US District Court Judge Denise Cote originally took issue with the settlement because Apple could end up only paying $70 million.
After the tech giant agrees to pay millions in the e-book price-fixing lawsuit, the presiding judge says, "I'm concerned about the terms of the settlement."
The settlement hinges on the success or failure of the company's appeal of a ruling that found it conspired with publishers to fix prices.
Amazon says customers who previously purchased books from the publishers involved in the Apple e-book settlement are estimated to receive between $0.73 to $3.82 per Kindle book.
The settlement comes less than a month before the scheduled beginning of the trial, in which $840 million in damages was sought from Apple.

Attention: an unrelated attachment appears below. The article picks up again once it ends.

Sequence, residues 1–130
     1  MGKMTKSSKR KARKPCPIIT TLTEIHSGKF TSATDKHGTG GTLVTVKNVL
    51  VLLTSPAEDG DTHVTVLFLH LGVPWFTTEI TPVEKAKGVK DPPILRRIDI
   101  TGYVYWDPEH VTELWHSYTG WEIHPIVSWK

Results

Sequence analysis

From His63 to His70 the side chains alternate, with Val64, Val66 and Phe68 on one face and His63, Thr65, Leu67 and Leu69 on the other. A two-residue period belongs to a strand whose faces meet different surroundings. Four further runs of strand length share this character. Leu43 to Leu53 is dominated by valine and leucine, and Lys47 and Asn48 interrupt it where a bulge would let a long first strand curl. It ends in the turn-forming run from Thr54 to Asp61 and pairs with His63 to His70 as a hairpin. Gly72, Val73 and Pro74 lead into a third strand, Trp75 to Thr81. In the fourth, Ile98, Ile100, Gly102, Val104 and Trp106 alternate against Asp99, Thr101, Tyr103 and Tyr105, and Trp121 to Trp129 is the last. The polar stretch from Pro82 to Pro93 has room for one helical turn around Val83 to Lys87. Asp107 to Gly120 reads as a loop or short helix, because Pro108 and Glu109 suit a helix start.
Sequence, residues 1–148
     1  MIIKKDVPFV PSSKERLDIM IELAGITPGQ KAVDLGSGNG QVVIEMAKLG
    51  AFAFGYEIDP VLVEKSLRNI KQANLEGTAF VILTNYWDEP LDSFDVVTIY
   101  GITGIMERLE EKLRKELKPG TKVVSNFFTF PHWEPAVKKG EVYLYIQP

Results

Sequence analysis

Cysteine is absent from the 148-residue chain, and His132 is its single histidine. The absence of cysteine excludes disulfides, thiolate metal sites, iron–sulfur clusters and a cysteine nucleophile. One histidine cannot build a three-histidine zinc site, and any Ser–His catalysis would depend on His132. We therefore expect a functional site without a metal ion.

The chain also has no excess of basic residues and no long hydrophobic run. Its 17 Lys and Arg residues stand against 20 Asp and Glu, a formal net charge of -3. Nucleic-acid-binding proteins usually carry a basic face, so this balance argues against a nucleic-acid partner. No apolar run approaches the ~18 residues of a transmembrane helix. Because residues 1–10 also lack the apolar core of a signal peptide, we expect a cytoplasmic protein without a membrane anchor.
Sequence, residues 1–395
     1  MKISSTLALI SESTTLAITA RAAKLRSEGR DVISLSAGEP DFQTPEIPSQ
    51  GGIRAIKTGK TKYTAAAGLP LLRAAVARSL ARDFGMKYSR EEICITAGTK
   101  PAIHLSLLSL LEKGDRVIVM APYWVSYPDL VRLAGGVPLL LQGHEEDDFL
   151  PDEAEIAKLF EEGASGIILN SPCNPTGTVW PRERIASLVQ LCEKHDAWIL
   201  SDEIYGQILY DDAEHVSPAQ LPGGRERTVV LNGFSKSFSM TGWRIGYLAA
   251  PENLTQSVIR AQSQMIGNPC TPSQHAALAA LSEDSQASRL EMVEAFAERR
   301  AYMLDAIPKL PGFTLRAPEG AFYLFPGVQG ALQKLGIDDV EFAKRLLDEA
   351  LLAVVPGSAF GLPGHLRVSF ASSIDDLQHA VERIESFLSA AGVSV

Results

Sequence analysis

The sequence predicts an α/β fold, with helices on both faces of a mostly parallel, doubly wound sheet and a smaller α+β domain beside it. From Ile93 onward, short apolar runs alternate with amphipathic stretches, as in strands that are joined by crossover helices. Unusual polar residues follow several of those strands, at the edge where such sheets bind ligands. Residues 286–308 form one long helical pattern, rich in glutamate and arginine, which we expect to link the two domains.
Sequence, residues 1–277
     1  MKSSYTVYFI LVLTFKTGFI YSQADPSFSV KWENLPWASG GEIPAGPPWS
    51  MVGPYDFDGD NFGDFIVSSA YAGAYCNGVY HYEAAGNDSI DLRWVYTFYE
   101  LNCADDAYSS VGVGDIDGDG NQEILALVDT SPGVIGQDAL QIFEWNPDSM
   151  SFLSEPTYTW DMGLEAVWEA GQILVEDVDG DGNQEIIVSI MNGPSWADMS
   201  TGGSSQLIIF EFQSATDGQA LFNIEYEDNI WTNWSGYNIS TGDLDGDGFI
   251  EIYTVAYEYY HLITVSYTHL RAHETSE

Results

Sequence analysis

With an impending trial in June, Apple CEO Tim Cook maintains that the company had nothing to do with facilitating a conspiracy to raise prices of e-books.
Now all that's left is Apple. The Justice Department says it will continue to litigate against the electronics giant for allegedly conspiring with Macmillan and four other big book publishers to raise e-book prices.
The European Union's executive arm says that if the solutions are deemed suitable, they will be enacted and the companies will be off the hook.
Court's approval of Department of Justice deal with three of five book publishers accused of fixing e-book prices is bad news for Apple.
The company offers its own set of measures for complying with the fallout from its loss against the Justice Department.